Infatuated individuals think about their beloved a lot. The notions that these frequent thoughts resemble the obsessions of obsessive-compulsive disorder (OCD) patients and that those patients benefit from serotonin reuptake inhibitors (SSRIs), have led to the hypothesis that romantic love is associated with reduced central serotonin levels. In this chapter, the literature on this topic is reviewed and suggestions for future research are made. Previous studies have shown that romantic love is associated with lower blood serotonin levels and with lower serotonin transporter densities, the latter of which has also been observed in OCD patients. Further, SSRIs have been found to decrease feelings of romantic love and the serotonin 2 receptor gene has been associated with the love trait ‘mania’, which is a possessive and dependent form of love. Given that serotonin 2 receptors in the prefrontal cortex have also been implicated in impulsive aggression, this suggests that stalking behavior may be associated with these receptors. In short, the serotonergic system appears to be altered in romantic love indeed. Future research is needed to identify what parts of the serotonergic system, such as which serotonergic projections, brain areas, transmission stages and receptor types, are affected in romantic love and in what way they are altered. Furthermore, challenging the serotonergic system would be useful in determining the causal relationship between central serotonin levels and feelings of romantic love. In addition, future research should specifically investigate the different aspects of romantic love, such as state, trait, requited and unrequited love and its development in time.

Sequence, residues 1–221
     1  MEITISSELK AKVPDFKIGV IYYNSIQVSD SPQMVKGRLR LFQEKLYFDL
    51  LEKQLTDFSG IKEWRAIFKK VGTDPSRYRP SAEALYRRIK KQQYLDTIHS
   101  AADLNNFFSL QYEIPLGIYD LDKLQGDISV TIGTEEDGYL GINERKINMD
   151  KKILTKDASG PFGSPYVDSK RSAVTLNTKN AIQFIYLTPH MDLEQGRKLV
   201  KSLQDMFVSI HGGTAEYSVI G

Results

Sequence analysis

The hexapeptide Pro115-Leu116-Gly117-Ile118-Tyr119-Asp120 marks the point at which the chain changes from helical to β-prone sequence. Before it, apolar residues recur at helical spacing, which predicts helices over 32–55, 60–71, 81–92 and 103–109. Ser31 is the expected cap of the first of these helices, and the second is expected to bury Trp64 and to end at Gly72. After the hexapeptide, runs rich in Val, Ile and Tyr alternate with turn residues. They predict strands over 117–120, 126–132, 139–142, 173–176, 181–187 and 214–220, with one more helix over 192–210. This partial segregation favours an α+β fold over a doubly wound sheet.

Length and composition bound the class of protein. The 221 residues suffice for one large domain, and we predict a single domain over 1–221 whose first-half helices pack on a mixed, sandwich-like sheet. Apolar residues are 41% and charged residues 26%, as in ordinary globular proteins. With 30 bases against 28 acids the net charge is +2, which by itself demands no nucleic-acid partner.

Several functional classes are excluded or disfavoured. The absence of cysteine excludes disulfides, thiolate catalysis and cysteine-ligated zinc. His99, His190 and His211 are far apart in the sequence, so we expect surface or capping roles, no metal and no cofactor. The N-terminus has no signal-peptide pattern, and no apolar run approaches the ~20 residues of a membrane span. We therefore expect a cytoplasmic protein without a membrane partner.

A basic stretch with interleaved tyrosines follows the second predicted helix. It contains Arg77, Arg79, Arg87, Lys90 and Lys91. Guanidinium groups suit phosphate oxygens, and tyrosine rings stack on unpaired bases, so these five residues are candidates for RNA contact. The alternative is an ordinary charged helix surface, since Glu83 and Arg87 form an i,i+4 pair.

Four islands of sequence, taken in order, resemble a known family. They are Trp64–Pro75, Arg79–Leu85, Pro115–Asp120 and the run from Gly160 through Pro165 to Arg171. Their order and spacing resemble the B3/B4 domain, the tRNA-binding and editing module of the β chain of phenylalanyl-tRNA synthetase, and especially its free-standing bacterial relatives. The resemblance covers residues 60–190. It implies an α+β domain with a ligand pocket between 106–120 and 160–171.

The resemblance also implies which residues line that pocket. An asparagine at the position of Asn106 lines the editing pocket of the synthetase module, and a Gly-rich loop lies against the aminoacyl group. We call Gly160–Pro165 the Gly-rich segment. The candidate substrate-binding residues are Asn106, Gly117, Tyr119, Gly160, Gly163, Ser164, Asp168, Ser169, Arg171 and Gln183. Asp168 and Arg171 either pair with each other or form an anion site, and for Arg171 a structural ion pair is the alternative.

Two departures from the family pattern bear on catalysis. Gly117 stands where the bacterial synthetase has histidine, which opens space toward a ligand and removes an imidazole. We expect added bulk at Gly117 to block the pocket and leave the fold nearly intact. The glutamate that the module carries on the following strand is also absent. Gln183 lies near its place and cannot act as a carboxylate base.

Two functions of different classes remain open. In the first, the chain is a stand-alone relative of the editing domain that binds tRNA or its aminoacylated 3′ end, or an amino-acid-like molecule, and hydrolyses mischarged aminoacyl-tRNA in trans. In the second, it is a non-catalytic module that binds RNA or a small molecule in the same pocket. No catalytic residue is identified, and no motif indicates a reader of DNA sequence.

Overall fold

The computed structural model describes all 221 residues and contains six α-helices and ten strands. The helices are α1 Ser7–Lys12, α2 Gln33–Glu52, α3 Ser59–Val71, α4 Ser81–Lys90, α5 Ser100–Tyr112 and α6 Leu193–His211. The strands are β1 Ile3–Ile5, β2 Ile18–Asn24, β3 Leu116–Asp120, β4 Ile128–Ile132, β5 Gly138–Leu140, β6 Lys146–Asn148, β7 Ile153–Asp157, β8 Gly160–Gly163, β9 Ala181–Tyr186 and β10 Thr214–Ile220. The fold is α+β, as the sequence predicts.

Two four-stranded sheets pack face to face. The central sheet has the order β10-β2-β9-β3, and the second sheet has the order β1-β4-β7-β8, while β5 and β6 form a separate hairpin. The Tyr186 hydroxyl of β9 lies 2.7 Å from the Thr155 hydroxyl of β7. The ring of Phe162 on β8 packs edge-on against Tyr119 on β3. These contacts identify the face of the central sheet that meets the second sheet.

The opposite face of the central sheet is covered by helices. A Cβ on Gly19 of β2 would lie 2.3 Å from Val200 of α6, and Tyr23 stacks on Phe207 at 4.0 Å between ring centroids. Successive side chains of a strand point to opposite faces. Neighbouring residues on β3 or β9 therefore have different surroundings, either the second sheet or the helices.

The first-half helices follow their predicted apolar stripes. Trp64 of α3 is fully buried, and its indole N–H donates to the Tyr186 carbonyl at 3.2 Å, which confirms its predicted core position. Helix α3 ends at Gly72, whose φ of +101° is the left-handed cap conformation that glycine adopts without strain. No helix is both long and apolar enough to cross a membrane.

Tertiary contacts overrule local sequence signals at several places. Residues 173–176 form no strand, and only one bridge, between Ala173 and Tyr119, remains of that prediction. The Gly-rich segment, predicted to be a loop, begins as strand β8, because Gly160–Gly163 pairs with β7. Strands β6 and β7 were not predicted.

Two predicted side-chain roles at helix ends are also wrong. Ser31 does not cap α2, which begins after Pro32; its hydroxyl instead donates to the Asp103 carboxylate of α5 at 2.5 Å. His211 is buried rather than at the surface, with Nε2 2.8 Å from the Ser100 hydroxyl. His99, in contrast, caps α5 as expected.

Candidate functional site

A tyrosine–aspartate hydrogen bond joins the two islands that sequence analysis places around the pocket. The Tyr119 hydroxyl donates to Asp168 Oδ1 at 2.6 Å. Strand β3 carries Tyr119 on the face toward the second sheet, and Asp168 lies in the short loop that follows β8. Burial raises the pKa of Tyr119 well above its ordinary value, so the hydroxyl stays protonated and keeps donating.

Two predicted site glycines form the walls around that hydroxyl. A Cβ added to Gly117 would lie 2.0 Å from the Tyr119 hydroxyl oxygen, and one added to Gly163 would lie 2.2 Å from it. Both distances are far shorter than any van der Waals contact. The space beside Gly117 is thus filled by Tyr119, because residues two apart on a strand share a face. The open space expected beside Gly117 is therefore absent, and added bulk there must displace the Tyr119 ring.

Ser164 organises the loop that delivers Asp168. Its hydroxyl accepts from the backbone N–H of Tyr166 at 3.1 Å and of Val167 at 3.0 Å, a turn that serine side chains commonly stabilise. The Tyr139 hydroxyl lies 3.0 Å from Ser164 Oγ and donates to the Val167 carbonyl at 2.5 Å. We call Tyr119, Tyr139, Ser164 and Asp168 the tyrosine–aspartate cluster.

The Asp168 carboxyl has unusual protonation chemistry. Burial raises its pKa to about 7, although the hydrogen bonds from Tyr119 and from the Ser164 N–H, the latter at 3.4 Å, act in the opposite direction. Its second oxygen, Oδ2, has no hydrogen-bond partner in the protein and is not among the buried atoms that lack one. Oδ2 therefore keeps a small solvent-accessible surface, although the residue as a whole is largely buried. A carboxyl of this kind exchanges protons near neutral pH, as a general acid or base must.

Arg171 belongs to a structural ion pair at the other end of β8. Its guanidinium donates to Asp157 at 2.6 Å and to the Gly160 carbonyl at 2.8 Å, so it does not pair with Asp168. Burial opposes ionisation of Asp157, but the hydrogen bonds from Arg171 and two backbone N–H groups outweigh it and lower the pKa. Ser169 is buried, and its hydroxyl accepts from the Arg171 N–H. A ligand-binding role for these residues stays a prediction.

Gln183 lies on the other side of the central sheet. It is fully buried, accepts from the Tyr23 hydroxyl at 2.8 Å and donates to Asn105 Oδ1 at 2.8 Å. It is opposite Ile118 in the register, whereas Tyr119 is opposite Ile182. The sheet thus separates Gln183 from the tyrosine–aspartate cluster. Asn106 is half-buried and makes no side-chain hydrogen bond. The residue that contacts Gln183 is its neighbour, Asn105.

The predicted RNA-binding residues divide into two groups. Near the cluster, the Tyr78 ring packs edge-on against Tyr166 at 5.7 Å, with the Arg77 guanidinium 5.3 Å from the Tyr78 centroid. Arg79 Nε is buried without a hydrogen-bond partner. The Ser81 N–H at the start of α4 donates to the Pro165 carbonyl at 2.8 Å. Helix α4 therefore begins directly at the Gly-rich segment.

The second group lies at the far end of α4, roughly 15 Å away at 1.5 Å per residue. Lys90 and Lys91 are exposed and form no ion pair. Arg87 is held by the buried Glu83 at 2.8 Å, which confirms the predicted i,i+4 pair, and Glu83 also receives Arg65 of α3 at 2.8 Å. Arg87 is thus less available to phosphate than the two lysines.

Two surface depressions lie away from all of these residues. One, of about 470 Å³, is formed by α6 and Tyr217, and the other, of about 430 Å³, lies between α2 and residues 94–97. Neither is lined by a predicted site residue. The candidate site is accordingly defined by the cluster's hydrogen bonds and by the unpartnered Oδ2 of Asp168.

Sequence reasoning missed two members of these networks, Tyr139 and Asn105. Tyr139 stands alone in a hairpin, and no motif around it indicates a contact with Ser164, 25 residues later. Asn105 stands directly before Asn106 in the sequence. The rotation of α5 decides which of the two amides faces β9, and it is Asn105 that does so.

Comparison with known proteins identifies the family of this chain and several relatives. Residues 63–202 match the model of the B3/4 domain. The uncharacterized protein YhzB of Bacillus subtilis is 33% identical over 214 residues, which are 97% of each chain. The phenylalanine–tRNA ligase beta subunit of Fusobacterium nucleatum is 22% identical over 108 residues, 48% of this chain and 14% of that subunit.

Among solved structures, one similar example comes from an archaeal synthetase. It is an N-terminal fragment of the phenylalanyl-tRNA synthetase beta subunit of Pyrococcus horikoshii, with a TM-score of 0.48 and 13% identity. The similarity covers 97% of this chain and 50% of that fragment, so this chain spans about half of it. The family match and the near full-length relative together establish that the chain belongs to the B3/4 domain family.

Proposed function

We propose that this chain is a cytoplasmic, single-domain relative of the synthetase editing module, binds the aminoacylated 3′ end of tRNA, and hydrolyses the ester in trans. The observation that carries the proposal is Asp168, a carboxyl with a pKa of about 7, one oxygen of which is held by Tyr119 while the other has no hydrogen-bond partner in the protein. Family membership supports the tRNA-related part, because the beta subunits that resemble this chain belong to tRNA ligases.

Nova Science Publishers, Inc.
Department of Psychology

Langeslag, S. (2009). Is the serotonergic system altered in romantic love? A literature review and research suggestions. Retrieved from